Are you familiar with the grape phylloxera? Have you ever heard of it? Let’s discover more about this minuscule insect that tried to destroy the miracle of wine.
The Miami skyline never ceases to amaze us. It’s the last part of America that we see before we fly to Italy, whether for work of pleasure. The United States has given a lot to our brand: it has welcomed it and made it recognizable all over the world, it has appreciated it, it has comprehended it. But when the plane crosses the first cloud, when the rest of the city disappears, we think about how much the rest of the European wine world owes to the United States. From the most precious bottle of Champagne to an autochthonous micro production of a village in Piedmont.
Grape phylloxera: origin and spread
Fear, in France and all of Europe, in the mid-19th century had the yellowish color of dry vine leaves. It was the plague of grapevines, a slow agony among vineyards, depriving them of lifeblood. Grape phylloxera – minuscule insect, devious disease – was destroying the miracle of wine.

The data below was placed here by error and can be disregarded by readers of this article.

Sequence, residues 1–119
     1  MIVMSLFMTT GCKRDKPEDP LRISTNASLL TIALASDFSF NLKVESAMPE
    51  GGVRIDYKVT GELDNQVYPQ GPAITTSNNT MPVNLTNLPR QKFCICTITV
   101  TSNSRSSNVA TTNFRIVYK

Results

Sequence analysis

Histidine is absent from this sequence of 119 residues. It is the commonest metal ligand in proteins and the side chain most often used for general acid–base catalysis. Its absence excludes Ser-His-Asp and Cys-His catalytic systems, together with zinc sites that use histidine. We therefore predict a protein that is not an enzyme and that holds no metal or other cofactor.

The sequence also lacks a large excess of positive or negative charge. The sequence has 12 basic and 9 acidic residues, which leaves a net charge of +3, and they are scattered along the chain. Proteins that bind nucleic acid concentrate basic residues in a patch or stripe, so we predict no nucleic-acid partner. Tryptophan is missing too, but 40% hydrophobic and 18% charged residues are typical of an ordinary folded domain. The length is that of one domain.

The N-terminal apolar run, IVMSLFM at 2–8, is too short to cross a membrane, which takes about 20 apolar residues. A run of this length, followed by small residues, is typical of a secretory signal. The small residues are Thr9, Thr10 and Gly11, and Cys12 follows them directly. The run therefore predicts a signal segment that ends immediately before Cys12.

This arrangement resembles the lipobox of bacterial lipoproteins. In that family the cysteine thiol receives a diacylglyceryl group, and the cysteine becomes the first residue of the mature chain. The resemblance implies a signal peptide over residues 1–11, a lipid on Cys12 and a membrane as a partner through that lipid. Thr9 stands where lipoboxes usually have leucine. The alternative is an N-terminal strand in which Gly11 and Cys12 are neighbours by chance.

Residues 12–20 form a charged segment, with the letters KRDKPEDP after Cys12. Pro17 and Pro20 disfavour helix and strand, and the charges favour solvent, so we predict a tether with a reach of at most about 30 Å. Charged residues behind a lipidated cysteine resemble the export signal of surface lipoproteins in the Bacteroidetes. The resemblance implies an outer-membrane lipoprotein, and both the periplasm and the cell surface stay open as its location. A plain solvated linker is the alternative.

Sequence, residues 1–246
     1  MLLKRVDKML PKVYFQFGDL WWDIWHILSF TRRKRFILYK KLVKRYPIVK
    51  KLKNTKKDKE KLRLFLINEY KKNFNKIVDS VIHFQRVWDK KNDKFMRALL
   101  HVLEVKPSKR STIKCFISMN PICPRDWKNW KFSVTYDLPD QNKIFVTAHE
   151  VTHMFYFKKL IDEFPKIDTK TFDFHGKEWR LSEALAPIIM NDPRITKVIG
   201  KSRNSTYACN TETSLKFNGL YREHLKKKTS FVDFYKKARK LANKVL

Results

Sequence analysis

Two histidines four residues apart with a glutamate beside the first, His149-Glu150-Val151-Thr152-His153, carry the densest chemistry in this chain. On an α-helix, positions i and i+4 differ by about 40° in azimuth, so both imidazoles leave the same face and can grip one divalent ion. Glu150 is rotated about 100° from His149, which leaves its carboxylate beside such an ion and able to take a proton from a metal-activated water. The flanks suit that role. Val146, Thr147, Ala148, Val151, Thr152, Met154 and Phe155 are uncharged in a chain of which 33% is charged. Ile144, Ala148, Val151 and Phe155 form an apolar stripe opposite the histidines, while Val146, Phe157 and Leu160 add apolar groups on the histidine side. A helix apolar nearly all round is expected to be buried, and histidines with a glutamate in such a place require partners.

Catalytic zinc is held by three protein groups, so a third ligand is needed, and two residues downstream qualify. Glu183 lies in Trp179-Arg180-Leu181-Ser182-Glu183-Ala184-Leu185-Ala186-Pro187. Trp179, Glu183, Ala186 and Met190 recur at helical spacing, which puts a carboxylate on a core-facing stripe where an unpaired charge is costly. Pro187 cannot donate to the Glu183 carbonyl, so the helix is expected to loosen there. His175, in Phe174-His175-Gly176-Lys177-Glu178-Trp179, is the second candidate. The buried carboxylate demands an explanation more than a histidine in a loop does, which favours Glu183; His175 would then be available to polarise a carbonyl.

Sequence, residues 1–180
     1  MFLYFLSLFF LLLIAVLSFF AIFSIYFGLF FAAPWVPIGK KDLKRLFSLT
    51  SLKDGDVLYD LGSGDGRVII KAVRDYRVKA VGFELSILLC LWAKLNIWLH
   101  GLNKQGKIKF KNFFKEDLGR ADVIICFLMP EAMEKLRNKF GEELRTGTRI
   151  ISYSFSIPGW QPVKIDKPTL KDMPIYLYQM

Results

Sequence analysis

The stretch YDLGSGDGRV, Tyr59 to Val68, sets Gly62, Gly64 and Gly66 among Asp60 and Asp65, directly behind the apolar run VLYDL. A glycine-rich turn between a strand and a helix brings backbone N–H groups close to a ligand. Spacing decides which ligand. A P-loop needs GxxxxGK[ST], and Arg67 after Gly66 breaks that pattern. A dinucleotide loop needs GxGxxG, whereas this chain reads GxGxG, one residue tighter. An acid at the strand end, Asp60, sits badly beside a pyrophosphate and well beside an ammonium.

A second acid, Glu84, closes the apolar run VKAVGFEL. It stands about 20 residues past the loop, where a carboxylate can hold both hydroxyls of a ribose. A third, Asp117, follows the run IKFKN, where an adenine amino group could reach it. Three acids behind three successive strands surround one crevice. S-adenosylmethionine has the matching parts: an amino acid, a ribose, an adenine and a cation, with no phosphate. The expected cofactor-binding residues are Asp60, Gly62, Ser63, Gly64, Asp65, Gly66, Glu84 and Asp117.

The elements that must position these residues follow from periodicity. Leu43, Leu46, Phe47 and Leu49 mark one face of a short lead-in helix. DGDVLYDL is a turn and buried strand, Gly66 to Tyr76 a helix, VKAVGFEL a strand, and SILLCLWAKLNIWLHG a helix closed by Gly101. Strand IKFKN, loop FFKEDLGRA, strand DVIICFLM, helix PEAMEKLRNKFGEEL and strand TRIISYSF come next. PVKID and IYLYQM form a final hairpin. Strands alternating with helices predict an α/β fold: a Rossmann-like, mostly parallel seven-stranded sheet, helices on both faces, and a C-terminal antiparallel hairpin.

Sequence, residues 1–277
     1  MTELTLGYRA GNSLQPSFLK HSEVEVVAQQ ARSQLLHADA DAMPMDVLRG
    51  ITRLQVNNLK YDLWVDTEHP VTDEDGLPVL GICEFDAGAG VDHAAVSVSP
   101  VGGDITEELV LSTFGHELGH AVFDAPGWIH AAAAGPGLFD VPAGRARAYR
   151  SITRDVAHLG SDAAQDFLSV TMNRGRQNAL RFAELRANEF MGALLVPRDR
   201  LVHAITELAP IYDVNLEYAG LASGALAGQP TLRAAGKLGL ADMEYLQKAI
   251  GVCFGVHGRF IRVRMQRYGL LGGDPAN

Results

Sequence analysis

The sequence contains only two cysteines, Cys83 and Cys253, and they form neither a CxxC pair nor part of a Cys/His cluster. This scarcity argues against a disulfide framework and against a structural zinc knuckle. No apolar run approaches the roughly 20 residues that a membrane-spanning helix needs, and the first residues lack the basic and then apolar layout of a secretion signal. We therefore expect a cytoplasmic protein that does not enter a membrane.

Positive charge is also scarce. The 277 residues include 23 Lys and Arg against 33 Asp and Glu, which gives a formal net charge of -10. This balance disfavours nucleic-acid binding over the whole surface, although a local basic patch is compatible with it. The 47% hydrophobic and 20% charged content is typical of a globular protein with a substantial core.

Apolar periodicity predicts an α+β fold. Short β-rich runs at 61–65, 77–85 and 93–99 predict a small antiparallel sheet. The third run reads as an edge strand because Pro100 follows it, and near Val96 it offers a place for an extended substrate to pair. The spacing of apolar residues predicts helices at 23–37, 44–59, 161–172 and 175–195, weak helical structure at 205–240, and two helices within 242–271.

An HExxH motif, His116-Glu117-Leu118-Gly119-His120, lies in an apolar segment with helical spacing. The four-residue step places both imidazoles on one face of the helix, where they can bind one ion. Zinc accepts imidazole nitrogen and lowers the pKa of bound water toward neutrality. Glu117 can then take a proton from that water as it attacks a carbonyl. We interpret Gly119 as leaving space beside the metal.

If this almost invisible enemy had spread in the mid-1800’s and had become an epidemic, perhaps we wouldn’t have been able to do this profession. But, here we are, and for that, we must thank America.
The intuition of agronomists and their open-mindedness was, in fact, what helped prevent the spread. The question was simple: why did that same insect have no effect on American vines? The answer became a consequence. Though unsuited for the production of wine, the American relatives of the European vitis vinifera were able to save Europe and its excellencies. The rest was done by grafting: the best European varietals were connected to American roots, which prevented them from losing their productive characteristics and, instead, strengthened their immunity against the terrible insect.
This is why every bottle we produce, every glass we pour, they have a bit of America in them: the strength of a relatively new continent and the power of its variety. The capacity of – literally speaking – getting to the root of the problem.